Emerging Markets Face a New Debt Crisis; Chinese Lending Is Not the Only Cause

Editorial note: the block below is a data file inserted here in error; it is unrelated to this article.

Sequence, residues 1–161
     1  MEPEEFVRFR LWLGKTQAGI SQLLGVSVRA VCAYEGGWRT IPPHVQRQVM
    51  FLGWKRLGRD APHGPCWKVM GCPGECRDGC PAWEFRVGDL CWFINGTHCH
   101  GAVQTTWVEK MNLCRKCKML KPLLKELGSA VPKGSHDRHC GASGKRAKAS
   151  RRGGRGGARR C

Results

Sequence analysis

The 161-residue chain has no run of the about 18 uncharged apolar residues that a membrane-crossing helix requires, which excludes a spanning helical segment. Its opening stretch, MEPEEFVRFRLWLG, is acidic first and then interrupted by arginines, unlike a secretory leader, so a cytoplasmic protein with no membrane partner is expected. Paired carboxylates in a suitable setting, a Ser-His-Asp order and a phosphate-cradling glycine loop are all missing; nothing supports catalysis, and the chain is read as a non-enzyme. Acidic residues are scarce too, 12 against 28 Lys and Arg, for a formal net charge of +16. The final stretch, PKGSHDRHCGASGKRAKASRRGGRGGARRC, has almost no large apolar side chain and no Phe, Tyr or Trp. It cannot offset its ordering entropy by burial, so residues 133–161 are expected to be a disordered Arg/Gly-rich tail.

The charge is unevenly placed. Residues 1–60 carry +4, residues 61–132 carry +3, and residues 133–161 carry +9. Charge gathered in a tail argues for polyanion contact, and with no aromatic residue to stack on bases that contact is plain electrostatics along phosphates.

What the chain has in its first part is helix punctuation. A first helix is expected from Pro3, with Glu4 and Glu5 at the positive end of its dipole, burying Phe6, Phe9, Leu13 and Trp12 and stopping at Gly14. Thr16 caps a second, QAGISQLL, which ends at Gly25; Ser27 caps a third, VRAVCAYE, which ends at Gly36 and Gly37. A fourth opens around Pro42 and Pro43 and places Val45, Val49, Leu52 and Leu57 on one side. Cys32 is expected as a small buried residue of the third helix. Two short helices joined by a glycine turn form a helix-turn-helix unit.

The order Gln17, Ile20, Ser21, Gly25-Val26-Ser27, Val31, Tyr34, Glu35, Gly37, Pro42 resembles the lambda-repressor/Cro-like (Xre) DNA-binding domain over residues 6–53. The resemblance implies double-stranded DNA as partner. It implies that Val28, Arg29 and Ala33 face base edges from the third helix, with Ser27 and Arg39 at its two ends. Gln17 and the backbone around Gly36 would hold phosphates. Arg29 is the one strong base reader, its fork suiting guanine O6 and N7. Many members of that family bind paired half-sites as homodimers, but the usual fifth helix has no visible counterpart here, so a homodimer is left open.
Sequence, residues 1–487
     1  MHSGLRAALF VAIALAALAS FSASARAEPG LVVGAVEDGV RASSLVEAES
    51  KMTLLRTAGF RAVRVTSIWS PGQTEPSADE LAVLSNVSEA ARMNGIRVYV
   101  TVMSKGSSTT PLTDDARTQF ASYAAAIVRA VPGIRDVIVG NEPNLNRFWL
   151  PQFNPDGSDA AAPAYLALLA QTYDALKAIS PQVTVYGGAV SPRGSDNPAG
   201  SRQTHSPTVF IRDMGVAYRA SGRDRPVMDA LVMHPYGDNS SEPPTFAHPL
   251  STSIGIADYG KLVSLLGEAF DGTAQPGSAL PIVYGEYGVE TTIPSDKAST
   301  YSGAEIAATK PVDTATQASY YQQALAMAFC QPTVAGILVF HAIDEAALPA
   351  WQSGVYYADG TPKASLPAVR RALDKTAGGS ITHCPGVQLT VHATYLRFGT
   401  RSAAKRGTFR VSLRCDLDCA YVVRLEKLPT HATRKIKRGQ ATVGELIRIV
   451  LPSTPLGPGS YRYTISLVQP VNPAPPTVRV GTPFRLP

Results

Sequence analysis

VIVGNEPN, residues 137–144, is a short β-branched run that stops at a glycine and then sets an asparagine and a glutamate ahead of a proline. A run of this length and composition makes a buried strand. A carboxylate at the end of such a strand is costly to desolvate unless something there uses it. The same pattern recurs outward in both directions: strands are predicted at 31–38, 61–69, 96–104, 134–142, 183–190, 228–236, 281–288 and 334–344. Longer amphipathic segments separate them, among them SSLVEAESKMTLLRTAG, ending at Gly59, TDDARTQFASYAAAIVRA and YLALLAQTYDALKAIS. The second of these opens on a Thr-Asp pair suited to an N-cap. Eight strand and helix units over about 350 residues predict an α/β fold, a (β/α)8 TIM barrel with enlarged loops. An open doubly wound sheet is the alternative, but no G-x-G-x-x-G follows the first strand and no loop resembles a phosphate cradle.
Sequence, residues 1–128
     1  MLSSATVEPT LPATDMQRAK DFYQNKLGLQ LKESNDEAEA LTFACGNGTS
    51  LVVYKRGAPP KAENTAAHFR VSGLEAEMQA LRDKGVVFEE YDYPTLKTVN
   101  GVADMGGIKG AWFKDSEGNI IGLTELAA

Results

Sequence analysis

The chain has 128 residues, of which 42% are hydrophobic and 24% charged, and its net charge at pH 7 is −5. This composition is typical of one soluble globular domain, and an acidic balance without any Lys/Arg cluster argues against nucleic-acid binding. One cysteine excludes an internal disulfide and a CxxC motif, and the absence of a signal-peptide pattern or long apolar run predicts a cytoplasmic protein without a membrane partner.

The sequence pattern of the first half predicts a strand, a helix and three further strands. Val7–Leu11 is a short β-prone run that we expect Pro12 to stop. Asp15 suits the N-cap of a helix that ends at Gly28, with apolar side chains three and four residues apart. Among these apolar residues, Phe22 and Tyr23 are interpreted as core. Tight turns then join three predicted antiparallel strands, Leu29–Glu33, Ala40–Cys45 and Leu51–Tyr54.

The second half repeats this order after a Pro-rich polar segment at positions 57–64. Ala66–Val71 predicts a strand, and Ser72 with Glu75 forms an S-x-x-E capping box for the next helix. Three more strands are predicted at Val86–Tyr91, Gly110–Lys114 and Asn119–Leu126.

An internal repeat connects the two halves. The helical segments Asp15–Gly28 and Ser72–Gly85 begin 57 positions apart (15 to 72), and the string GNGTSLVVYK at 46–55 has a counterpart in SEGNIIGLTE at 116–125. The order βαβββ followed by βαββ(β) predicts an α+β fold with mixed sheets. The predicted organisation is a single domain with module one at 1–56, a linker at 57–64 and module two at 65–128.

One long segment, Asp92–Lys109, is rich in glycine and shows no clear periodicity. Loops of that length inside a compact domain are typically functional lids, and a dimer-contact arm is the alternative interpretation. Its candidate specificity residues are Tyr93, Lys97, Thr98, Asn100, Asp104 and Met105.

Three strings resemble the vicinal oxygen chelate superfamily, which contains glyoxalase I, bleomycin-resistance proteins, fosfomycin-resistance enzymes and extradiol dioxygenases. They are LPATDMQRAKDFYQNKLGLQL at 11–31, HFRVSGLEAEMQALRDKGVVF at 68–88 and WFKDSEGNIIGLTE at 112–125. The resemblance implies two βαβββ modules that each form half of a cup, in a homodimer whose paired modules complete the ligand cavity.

The developing world could be heading towards a new debt crisis. Public debt in emerging markets now averages 50 per cent of gross domestic product, the highest level since the 1980s. More than 80 per cent of developing countries have increased their public debt in the past five years, the Financial Times reported in a commentary. The number of developing countries whose public debt level is rated as “unsustainable” or “high-risk” is now 32, more than double the number in 2013. Most of the media’s attention has focused on Chinese loans that add to developing country debts. But China is not the only lender contributing to the looming crisis: the majority of new loans to at-risk, low-income and lower-middle-income countries have come from other sources, including other countries and multilateral institutions such as the World Bank and regional development banks. If a debt crisis is to be averted, developing country governments and all lenders — including China, but also the World Bank and others — must come together and act now to bring debt levels under control. Read more